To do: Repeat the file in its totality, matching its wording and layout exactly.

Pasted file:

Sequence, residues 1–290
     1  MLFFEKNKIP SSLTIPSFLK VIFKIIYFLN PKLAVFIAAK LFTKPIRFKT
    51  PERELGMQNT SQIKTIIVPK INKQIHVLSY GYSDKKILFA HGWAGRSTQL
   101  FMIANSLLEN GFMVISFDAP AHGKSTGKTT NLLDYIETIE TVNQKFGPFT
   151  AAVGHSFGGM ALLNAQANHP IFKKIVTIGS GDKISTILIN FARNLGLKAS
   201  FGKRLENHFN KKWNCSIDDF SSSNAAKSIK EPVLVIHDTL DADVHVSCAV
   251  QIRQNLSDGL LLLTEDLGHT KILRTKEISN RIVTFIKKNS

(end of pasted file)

Sequence, residues 1–290
     1  MLFFEKNKIP SSLTIPSFLK VIFKIIYFLN PKLAVFIAAK LFTKPIRFKT
    51  PERELGMQNT SQIKTIIVPK INKQIHVLSY GYSDKKILFA HGWAGRSTQL
   101  FMIANSLLEN GFMVISFDAP AHGKSTGKTT NLLDYIETIE TVNQKFGPFT
   151  AAVGHSFGGM ALLNAQANHP IFKKIVTIGS GDKISTILIN FARNLGLKAS
   201  FGKRLENHFN KKWNCSIDDF SSSNAAKSIK EPVLVIHDTL DADVHVSCAV
   251  QIRQNLSDGL LLLTEDLGHT KILRTKEISN RIVTFIKKNS